For example, in S2L1, how can one rise to air beneath the Nile without a diving bell?

Why does the "you" of the poem say All the work Khnum shaped is lost beneath the sand"? We just saw them walking around the British Museum in S2. Did Khnum not shape the ancestors of modern humans?

Also, even the long-dead human hands that shaped this particular statue of Khnum are more likely to be lost beneath the silt than the sand, I think, since he's a river god.

Quote:
Originally Posted by John Isbell View Post
Oh yes - Egypt does of course have plenty of believers these days. But not in the ancient gods; and Islam does not involve burnt sacrifice to my knowledge.
Isn't the cooking smoke from ritually slaughtered goats at Eid al-Adha still "the smoke of sacrifice," even if the meat is eaten by humans rather than burnt up entirely as a holocaust? The name of the feast itself is "the Feast of the Sacrifice."

Quote:
It's [burnt sacrifice is] quite rare in modern religion, I think. Hinduism?
Practitioners of Santería and Voodoo come to mind. Some of their blood sacrifices of animals are burnt offerings. Probably irrelevant to Egypt, though.

It might be nice to draw a more obvious parallel between a god who shaped humanity from clay and the humans who shaped this statue from...stone, is it? But maybe that obviousness isn't needed.

I hope some of this nit-pickiness is useful.

Last edited by Julie Steiner; 09-11-2019 at 07:16 PM.
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Unread 09-11-2019, 07:47 PM
John Isbell John Isbell is offline
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Good evening Julie,

Glad you quite enjoyed this piece! And thank you for the interesting questions you raise. I'll do my best to address them in order. So: yes, Khnum rises up from under the First Cataract; he's a god, after all, but I've changed the line to "rose up from beneath." I've also changed what the "You" says to a question: "Is the work ... all lost ... ?" The answer then being: it may seem so, but in fact, it's not. I could go with silt as you argue, but I like the sound of sand there more and I'll argue that a lot of stuff is buried under sand in Egypt. I've also updated "smoke won't rise" to "might rise," in honor of your fine Eid al-Adha point. I've seen a lot of offerings on Tibetan Buddhist altars, but the stuff doesn't get burned into smoke. So yeah, sacrifice, offering, burnt sacrifice - it gets complicated IMO. Incense is a sort of burnt offering, after all. Voodoo and Santeria I'll admit, but they can I think be called minor, fitting with the rarity. Hinduism does a lot with fire and may well still have sacrifices, though not the horse offerings of the Rig Veda. I don't know.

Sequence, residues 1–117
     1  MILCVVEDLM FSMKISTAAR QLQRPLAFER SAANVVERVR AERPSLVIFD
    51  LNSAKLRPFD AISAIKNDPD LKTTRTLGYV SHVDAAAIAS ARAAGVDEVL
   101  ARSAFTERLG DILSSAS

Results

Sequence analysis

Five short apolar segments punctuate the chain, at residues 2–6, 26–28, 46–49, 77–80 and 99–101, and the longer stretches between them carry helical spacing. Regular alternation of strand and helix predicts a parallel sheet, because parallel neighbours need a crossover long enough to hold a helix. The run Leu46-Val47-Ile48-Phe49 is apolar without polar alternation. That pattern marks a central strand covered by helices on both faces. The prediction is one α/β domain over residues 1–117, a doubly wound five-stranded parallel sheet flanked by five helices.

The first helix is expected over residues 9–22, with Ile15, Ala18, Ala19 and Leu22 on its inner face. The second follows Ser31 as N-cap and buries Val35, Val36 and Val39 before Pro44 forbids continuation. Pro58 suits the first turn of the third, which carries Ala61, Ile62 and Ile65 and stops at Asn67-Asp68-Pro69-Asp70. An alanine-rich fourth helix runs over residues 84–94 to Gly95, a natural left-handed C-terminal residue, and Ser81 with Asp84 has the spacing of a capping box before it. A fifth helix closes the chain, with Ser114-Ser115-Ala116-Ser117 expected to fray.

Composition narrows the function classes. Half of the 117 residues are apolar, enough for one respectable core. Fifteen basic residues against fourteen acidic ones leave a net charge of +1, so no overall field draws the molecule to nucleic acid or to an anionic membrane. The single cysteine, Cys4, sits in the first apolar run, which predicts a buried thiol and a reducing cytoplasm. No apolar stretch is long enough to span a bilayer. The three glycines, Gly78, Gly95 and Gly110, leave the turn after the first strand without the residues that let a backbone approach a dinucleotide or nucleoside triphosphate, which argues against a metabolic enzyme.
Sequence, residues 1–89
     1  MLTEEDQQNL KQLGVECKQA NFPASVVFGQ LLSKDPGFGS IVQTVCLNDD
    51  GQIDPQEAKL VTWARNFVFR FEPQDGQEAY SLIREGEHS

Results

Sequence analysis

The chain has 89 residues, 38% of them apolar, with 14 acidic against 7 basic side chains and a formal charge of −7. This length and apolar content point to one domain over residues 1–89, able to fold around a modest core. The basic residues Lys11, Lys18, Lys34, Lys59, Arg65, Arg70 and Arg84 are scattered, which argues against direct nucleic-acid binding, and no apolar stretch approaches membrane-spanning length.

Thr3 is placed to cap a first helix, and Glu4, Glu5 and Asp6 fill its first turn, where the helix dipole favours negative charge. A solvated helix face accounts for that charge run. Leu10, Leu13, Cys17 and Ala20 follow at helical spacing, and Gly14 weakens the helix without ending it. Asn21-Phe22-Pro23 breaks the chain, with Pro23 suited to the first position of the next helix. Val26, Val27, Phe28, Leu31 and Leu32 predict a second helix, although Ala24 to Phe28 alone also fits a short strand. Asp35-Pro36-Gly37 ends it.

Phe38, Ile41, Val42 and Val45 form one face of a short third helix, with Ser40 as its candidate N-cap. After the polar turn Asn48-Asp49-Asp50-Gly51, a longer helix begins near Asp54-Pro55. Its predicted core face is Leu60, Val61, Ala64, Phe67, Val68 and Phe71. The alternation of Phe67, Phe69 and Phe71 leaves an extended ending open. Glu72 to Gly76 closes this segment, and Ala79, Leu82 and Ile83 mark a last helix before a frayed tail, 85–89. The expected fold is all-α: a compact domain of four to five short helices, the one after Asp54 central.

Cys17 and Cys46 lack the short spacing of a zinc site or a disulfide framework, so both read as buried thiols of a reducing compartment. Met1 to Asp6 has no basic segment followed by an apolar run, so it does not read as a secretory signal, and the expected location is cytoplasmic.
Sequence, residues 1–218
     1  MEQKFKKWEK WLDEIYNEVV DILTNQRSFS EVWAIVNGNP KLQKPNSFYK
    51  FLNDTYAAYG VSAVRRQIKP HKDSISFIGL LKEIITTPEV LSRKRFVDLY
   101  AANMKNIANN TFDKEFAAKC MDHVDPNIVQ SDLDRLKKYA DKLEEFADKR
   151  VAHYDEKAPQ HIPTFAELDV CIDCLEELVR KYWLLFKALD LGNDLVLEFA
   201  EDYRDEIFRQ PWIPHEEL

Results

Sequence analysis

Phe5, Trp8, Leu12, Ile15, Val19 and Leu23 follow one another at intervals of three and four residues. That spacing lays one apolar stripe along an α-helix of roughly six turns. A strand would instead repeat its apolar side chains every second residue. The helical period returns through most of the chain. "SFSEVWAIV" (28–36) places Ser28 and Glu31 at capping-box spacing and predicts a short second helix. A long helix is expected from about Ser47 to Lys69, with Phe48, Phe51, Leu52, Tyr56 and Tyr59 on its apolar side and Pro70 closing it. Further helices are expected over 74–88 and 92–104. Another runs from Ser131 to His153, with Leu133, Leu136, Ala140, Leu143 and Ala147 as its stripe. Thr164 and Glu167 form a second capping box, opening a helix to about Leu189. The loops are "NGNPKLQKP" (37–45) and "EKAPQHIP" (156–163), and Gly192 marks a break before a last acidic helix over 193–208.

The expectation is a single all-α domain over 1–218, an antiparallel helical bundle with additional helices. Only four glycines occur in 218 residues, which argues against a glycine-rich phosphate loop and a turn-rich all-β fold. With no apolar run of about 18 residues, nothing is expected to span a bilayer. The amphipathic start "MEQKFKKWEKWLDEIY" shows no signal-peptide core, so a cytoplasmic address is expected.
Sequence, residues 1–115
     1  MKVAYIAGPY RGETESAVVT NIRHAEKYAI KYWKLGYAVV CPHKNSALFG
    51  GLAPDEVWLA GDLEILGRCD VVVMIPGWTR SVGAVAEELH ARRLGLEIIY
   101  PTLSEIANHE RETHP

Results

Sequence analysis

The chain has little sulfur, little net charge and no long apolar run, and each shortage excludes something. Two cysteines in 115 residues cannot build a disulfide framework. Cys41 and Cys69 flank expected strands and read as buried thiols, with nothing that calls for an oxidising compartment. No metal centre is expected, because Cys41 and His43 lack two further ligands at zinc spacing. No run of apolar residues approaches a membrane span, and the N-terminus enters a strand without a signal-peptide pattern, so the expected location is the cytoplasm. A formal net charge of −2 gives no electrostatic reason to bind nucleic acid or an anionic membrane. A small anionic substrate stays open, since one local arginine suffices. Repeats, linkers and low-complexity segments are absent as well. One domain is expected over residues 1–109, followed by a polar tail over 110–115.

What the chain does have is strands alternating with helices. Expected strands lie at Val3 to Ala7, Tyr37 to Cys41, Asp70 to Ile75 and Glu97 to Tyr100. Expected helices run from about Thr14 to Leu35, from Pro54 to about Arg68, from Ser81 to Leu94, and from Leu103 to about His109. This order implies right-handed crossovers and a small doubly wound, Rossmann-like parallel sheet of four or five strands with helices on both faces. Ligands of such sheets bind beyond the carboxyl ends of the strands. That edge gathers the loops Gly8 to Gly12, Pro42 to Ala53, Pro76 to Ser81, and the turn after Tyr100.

This I agree might be nice: "to draw a more obvious parallel between a god who shaped humanity from clay and the humans who shaped this statue from...stone, is it? But maybe that obviousness isn't needed." I don't see an obvious way in for that into the poem though, so I'll just ponder for now.
In general, the last stanza still, I think, needs tinkering. It had a sort of balance I've now jeopardized. Also, I'm concerned that "Attributed to Paul Eluard" by the epigraph is clunky. I'd very much value folks' thoughts on those topics, particularly since this opens my MS.
Julie: "I hope some of this nit-pickiness is useful." Clearly the answer is yes. Q.E.D. And as a pedant of long standing, I don't find this nit-picky at all, I find it fascinating. :-)

Cheers,
John

Update: another bunch of editing just added in S2-4.
Update II: it's silt not sand now. Thanks Julie!

Last edited by John Isbell; 09-11-2019 at 10:33 PM.
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  #9  
Unread 09-13-2019, 05:29 AM
John Isbell John Isbell is offline
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New last line.

Cheers,
John
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  #10  
Unread 09-13-2019, 07:34 AM
Andrew Frisardi Andrew Frisardi is offline
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I do like the shorter lines, John, but I'm not finding much in the content that engages me.

Since you say you want this to open your ms., maybe make it a sort of proem/preface? I can imagine cutting all but the first and last stanzas, getting the museum part in the title or just under it:

The Ram God Khnum
British Museum

This ram’s extinct. But on the god,
its horns stand yet. Each twisting curl
is lost in Nature, not on him –
since he’s not young. He scans the hall.
By his crown, know the god who threw
gods and men on a potter’s wheel.

In Egypt, where believers still
remain, the smoke of sacrifice
rises to Heaven. Is the work
Khnum fashioned lost beneath the silt?
you say. Like birds, we greet the day.
But there is nothing to reveal.

Sorry if this desecrates the poem as you see it, but to me, less is more here and leaves it somewhat enigmatic.

The Eluard epigraph is great. Maybe use it for the whole volume?

Best with it,

Andrew